On the Market: OKC’s Own “Living Conditioned” Home

by Lynne Rostochil.  Photos by Lynne Rostochil unless otherwise noted.


You may have seen photos of this house at 6117 Smith Blvd. over the last few months and the discussions we’ve had about it on the Okie Mod Squad Facebook page.  I had, too, and thought this house was great, but I had no idea just how wonderful it is until I toured it and then researched its history and found that this place has quite a surprising pedigree.

In 1955, Living For Young Homemakers magazine sponsored the “Living Conditioned” homes program, which was sponsored by Hotpoint as part of their Golden Anniversary celebration.  The magazine selected four architects from all over the nation to design modern homes with a “magnificently simple design for gracious living” while also incorporating all-electric appliances (Hotpoint, of course), as well as the latest in air conditioning.  According to the magazine, “Living Conditioned means a house planned to be lived in….  Living conditioned means a house where the climate is governed by wise heat and good cooling; where the lighting is planned to fit the moods of the occupants; where the traffic pattern is planned and people move around easily without tumbling over each other.”

Each of the “model” homes — which were priced in the $20,000-$25,000 range (that’s about $175,000 – $225,000 today) — were built, and Living For Young Homemakers staff decorated each house for a series of openings to the public.  After that, the models were given to lucky winners of the national Hotpoint contest, and the magazine offered house plans for a mere $10 to the less fortunate non-winners who wanted to experience life the “living conditioned” way.  Here are the four designs that were featured in an ad for the Hotpoint contest in the May 2, 1955 issue of Life magazine:

hotpoint golden anniversary home life 1955 cropped 2

hotpoint golden anniversary home life cropped 1955

Let’s take a closer look at the home on the bottom of the second page of the ad:

hotpoint golden anniversary home life cropped 1955 3

Dubbed the Southern Prize home, this beauty was the brainchild of Knoxville, TN, architect Bruce McCarty and featured a “cantilever design where the single structure supports the entire roof.”  (McCarty would go on to become one of the most prominent architects in Tennessee and help found the University of Tennessee’s College of Architecture in 1965.  Also, he was the master architect for the 1982 World’s Fair.  You can read more about McCarty’s impressive career here and here.)

Oklahoma City builder Joel Coley must have been very impressed with McCarty’s Southern Prize design, quickly shelled out his $10 for the plans, and decided to construct the house in the newly platted Smiths Highland Hills neighborhood just north of NW Expressway and west of Independence.  An expert promoter, Coley titillated prospective Metro buyers all through the spring of 1955 with advertisements filled with effusive language extolling the innovative layout and “all electrical” everything of the home.  All of the ads paid off because by the time the home opened for its first tour the first part of June that year, fascinated gawkers were lined up down the block to see the house that Coley described as “alluring beyond your fondest dreams.”  By the end of the open house period, a whopping 25,000 people had strolled through the Southern Prize home.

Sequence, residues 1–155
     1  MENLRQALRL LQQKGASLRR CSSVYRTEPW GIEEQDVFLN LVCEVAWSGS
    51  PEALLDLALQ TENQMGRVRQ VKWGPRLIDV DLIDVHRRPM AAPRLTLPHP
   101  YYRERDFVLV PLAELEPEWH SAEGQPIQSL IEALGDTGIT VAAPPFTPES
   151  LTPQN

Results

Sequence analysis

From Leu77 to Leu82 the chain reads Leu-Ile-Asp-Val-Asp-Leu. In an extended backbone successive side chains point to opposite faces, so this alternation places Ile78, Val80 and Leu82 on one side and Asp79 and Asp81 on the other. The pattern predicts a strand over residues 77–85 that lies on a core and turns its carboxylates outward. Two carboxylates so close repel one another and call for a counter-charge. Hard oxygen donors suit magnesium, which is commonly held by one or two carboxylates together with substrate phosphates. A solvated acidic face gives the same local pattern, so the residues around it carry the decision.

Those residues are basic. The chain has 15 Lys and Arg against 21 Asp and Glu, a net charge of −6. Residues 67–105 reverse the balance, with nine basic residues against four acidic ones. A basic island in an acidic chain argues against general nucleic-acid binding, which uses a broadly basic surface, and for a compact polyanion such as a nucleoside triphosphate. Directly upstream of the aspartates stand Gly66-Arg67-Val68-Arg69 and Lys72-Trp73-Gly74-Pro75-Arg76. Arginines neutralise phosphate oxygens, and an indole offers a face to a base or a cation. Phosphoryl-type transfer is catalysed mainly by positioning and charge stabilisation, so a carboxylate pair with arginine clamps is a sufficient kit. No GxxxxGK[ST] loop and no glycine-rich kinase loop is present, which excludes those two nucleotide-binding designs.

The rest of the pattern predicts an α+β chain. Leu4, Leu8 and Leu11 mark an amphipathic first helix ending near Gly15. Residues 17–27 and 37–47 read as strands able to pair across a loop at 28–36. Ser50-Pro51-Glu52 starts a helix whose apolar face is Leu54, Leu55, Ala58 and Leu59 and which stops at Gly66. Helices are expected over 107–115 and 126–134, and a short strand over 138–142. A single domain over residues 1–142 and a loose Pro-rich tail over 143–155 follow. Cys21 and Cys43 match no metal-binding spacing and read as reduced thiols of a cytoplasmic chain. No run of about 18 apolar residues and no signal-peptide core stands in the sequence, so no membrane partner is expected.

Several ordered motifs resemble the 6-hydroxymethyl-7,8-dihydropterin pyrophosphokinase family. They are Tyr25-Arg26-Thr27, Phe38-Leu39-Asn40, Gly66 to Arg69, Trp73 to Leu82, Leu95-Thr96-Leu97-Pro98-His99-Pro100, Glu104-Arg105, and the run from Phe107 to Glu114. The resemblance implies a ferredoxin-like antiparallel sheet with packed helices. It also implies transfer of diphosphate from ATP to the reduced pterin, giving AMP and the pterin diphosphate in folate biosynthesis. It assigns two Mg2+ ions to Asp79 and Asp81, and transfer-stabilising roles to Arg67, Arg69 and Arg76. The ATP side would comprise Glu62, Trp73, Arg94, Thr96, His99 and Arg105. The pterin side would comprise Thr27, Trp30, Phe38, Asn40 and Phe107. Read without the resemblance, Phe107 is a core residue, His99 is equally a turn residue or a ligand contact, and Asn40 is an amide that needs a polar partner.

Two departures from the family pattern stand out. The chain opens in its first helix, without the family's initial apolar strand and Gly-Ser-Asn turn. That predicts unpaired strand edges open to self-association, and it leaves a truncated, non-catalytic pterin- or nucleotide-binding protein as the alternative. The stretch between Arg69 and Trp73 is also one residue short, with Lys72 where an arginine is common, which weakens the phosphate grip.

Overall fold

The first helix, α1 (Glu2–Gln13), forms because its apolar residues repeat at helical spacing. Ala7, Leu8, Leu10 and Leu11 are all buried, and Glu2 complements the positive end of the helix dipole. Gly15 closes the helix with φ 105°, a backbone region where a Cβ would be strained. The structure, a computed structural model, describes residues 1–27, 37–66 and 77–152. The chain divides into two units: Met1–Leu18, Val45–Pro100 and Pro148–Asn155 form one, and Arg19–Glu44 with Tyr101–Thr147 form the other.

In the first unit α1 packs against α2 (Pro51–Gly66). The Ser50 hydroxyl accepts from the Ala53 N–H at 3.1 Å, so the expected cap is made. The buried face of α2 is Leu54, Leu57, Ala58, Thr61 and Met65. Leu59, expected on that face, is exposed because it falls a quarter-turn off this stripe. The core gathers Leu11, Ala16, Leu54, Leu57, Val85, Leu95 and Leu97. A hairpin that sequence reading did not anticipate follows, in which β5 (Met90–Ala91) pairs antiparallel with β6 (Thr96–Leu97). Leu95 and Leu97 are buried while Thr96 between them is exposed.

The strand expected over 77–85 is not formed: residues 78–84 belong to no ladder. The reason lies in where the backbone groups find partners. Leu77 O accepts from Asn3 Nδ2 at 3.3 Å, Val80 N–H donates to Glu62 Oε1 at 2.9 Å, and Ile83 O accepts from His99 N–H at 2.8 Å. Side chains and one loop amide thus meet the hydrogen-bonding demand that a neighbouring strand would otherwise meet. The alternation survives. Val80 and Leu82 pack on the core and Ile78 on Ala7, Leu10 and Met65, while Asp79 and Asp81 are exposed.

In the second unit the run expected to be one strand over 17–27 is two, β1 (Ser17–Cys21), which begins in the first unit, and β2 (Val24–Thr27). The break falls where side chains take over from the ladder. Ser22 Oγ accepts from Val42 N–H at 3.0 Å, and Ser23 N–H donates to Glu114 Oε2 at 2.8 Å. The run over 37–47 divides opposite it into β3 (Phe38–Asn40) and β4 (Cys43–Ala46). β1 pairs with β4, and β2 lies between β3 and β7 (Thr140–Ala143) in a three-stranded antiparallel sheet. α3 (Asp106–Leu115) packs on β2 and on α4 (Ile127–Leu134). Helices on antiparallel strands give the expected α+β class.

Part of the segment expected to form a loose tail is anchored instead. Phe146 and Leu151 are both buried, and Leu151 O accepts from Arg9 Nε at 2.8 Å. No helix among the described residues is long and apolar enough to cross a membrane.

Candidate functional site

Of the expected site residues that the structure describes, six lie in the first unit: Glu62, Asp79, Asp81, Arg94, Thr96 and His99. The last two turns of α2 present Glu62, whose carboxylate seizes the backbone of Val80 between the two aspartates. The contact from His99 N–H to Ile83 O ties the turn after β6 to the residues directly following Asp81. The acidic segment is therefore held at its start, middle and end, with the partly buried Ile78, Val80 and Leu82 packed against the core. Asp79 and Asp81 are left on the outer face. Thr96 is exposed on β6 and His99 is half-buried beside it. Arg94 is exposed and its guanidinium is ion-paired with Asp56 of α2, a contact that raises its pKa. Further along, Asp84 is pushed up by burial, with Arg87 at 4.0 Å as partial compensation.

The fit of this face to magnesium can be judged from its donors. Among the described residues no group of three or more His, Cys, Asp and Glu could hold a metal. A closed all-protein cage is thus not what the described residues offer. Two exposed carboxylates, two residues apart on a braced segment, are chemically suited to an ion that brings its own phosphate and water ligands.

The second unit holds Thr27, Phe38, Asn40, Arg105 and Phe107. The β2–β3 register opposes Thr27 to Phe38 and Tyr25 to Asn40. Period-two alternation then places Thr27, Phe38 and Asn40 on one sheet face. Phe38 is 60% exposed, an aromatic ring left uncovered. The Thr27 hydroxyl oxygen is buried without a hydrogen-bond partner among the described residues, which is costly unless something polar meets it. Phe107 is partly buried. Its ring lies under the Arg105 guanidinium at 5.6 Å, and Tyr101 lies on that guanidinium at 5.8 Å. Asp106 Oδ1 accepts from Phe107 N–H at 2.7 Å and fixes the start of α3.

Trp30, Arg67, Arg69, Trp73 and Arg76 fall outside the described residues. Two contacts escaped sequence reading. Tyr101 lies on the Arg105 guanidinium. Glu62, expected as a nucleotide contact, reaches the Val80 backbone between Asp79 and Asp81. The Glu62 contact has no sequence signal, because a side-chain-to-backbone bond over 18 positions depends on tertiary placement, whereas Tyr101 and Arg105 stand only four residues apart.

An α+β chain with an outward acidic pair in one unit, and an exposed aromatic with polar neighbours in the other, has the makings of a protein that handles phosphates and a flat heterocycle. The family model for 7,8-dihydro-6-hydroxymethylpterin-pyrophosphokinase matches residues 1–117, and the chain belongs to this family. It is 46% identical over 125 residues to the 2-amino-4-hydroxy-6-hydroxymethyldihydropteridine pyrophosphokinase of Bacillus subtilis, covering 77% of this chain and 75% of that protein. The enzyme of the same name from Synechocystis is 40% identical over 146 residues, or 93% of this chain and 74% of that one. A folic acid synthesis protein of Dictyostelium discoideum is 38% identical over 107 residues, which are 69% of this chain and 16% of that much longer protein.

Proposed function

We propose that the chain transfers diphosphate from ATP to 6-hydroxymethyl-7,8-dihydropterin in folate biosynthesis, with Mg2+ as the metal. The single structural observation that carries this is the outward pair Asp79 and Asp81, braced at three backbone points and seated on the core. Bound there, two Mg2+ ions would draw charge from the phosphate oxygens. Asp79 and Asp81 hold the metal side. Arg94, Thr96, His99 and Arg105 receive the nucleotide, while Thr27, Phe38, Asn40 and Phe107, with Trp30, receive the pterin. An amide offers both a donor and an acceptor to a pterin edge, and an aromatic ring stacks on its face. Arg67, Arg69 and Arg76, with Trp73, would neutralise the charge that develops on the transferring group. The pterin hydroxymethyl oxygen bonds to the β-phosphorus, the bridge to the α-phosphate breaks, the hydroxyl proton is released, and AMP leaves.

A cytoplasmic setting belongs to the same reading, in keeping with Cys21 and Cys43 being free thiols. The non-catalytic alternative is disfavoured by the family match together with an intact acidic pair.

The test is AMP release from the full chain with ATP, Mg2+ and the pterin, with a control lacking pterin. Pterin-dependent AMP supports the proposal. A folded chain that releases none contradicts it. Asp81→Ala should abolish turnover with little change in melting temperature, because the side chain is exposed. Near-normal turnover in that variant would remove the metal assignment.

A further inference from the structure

There are no vintage photos of this particular home, but Living For Young Homemakers profiled its sister in Knoxville, which is now on the National Register:

This is a 1955 photograph of the now home of Robert Wilson and Annette Anderson the year it was built. The modest rancher is one of five Tennessee sites recently added to the National Register of Historic Places. Designed by architect Bruce McCarty, it was built as a demonstration house for a program sponsored by General ElectricÕs Hotpoint brand. One of the most significant architectural features of the home is the cantilever design where the single central structure supports the entire roof.

I’ll show an interior shot of the Knoxville house in a bit.  In the meantime, here’s the floorplan of the three bedroom/two bath house that also appeared in the magazine:

May 1955 floor plan of the home of Robert Wilson and Annette Anderson in West Hills. The modest rancher is one of five Tennessee sites recently added to the National Register of Historic Places. Designed by architect Bruce McCarty, it was built as a demonstration house for a program sponsored by General Electric’s Hotpoint brand.

Now let’s take a look at OKC’s version of the home, which is in mostly original condition and is now on the market for a very reasonable $154,900:


Originally, the siding on the A-frame looked more like the original photo above — in fact, I found a 2003 photo of the home on the tax assessor website that shows the original slatted front:


I’ll bet money that the original is behind the siding — maybe the new owner of this beauty will be a bit adventurous and find out.  With or without the siding, the house has great curb appeal, I think.  But inside is even better — there’s 1,860 sf of vintage goodness in there, starting with the entry and an all original front door with the knob in the middle.  How sexy is that?!  The tile floor isn’t too shabby, either: